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Venerable K. Sri Dhammananda Maha Thera
Is Buddhism a Theory or a Philosophy?
During the time of the Buddha there were many learned men in India who pursued knowledge simply for its own sake. These people were full of theoretical knowledge. Indeed, some of them went from city to city challenging anyone to a debate and their greatest thrill was to defeat an opponent in such verbal combats. But the Buddha said that such people were no nearer to the realization of the truth because in spite of their cleverness and knowledge they did not have true wisdom to overcome greed, hatred and delusion. In fact, these people were often proud and arrogant. Their egoistic concepts disturbed the religious atmosphere.
According to the Buddha, one must first seek to understand one's own mind. This was to be done through concentration which gives one a profound inner wisdom or realization. And this insight is to be gained not by philosophical argument or worldly knowledge but by the silent realization of the illusion of the Self.
Buddhism is a righteous way of life for the peace and happiness of every living being. It is a method to get rid of miseries and to find liberation. The Teachings of the Buddha are not limited to one nation or race. It is neither a creed nor a mere faith. It is a Teaching for the entire universe. It is a Teaching for all time. Its objectives are selfless service, good-will, peace, salvation and deliverance from suffering.
Salvation in Buddhism is an individual affair. You have to save yourself just as you have to eat, drink and sleep by yourself. The advice rendered by the Buddha points the Way to liberation; but His advice was never intended to be taken as a theory or philosophy. When He was questioned as to what theory He propounded, the Buddha replied that He preached no theories and whatever he did preach was a result of His own experience. Thus His Teaching does not offer any theory. Theory cannot bring one nearer to spiritual perfection. Theories are the very fetters that bind the mind and impede spiritual progress. The Buddha said, 'Wise men give no credence to passing theories. They are past believing everything they see and hear.'
Theories are product of the intellect and the Buddha understood the limitations of the human intellect. He taught that enlightenment is not a product of mere intellect. One cannot achieve emancipation by taking an intellectual course. This statement may seem irrational but it is true. Intellectuals tend to spend too much of their valuable time in study, critical analysis and debate. They usually have little or no time for practice.
A great thinker(philosopher, scientist, metaphysician, etc.) can also turn out to be an intelligent fool. He may be an intellectual giant endowed with the power to perceive ideas quickly and to express thoughts clearly. But if he pays no attention to his action and their consequences, and if he is only bent on fulfilling his own longings and inclinations at any cost then, according to the Buddha, he is an intellectual fool, a man of inferior intelligence. Such a person will indeed hinder his won spiritual progress.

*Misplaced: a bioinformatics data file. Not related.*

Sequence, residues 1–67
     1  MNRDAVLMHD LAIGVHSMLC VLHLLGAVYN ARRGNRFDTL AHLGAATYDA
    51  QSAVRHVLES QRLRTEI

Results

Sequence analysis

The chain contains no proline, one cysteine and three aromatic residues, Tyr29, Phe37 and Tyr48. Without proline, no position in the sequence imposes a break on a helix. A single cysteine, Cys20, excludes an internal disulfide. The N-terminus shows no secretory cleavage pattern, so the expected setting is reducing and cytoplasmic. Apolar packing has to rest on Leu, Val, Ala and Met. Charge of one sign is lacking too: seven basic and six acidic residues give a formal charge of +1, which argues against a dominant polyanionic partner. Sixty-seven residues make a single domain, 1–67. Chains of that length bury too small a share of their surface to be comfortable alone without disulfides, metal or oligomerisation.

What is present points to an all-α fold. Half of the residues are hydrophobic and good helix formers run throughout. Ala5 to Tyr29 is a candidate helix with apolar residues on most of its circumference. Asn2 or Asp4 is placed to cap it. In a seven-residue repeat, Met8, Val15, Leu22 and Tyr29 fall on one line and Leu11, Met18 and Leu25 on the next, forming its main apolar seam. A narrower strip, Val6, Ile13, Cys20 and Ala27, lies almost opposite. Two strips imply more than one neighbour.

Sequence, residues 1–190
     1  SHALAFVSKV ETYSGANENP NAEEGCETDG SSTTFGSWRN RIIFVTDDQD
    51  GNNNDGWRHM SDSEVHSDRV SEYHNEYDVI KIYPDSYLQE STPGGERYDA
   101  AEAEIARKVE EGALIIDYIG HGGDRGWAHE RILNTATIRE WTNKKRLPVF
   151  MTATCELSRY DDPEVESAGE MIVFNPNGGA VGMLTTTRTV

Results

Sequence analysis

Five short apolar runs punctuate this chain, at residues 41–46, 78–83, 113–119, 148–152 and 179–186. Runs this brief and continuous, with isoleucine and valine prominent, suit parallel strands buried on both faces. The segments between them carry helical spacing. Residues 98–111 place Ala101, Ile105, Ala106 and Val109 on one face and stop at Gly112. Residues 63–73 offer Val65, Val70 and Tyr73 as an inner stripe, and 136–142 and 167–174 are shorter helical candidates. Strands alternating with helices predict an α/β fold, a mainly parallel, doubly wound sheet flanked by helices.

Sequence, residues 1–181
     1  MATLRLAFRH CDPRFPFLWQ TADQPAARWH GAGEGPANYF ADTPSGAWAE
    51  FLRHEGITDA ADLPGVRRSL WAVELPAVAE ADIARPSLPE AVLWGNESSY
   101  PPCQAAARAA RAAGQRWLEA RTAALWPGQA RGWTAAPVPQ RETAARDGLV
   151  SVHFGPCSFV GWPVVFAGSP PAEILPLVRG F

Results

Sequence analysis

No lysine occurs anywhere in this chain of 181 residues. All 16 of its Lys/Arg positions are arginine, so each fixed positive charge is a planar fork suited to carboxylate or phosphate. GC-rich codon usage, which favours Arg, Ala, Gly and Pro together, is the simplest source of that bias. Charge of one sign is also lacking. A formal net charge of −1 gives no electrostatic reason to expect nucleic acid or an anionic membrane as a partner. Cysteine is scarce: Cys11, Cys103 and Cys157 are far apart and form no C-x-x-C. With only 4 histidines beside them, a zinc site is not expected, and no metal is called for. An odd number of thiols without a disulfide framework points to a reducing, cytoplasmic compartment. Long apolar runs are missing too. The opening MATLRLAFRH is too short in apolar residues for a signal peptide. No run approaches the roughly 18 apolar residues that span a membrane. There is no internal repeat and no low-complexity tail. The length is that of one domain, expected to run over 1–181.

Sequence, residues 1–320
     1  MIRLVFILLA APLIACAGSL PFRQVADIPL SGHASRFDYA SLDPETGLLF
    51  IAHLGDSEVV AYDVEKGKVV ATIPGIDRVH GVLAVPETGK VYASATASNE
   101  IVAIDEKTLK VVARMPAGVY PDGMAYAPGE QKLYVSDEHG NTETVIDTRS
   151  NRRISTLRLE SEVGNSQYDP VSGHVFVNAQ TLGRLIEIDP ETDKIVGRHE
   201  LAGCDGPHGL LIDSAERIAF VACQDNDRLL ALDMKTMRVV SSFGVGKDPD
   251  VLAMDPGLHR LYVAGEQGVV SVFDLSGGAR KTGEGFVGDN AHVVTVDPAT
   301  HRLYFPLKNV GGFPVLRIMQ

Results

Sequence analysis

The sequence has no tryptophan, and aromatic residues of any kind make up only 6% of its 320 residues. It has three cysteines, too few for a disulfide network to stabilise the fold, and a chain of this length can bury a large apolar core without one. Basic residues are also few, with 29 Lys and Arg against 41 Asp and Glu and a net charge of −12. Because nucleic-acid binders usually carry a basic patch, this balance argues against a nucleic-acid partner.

The Buddha's Teaching contains practical wisdom that cannot be limited to theory or to philosophy because philosophy deals mainly with knowledge but it is not concerned with translating the knowledge into day-to-day practices.
Buddhism lays special emphasis on practice and realization. The philosopher sees the miseries and disappointments of life but, unlike the Buddha, he offers no practical solution to overcome our frustrations which are part of the unsatisfactory nature of life. The philosopher merely pushes his thoughts to dead ends. Philosophy is useful because it has enriched our intellectual imagination and diminished dogmatic assurance which closes the mind to further progress. To that extent, Buddhism values philosophy, but it has failed to quench spiritual thirst.
Remember that the chief aim of a Buddhist is to attain purity and enlightenment. Enlightenment vanquishes ignorance which is the root of birth and death. However, this vanquishing of ignorance cannot be achieved except by the exercise of one's confidence. All other attempts, especially mere intellectual attempts are not very effective. This is why the Buddha concluded: 'These [metaphysical]questions are not calculated to profit; they are not concerned with the Dhamma; they do not lead to right conduct, or to detachment, or to purification from lusts, or to quietude, or to a calm heart, or to real knowledge, or to higher insight, or to Nibbana.' (Malunkyaputta Sutta - Majjhima Nikaya) In place of metaphysical speculation, the Buddha was more concerned with teaching a practical understanding of the Four Noble Truths that he discovered: what Suffering is: what the origin of Suffering is; what the cessation of Suffering is; how to overcome Suffering and realize final Salvation. These Truths are all practical matters to be fully understood and realized by anyone who really experiences emancipation.
Enlightenment is the dispelling of ignorance; it is the ideal of the Buddhist life. We can now clearly see that enlightenment is not an act of the intellect. Mere speculation has something alien to it and does not come so intimately into contact with life. This is why the Buddha placed great emphasis on personal experience. Meditation is a practical scientific system to verify the Truth that comes through personal experience. Through meditation, the will tries to transcend the condition it has put on itself, and this is the awakening of consciousness. Metaphysics merely ties us down in a tangled and matted mass of thoughts and words.
Source: Buddhist Study and Practice Group, http://www.sinc.sunysb.edu/Clubs/buddhism/
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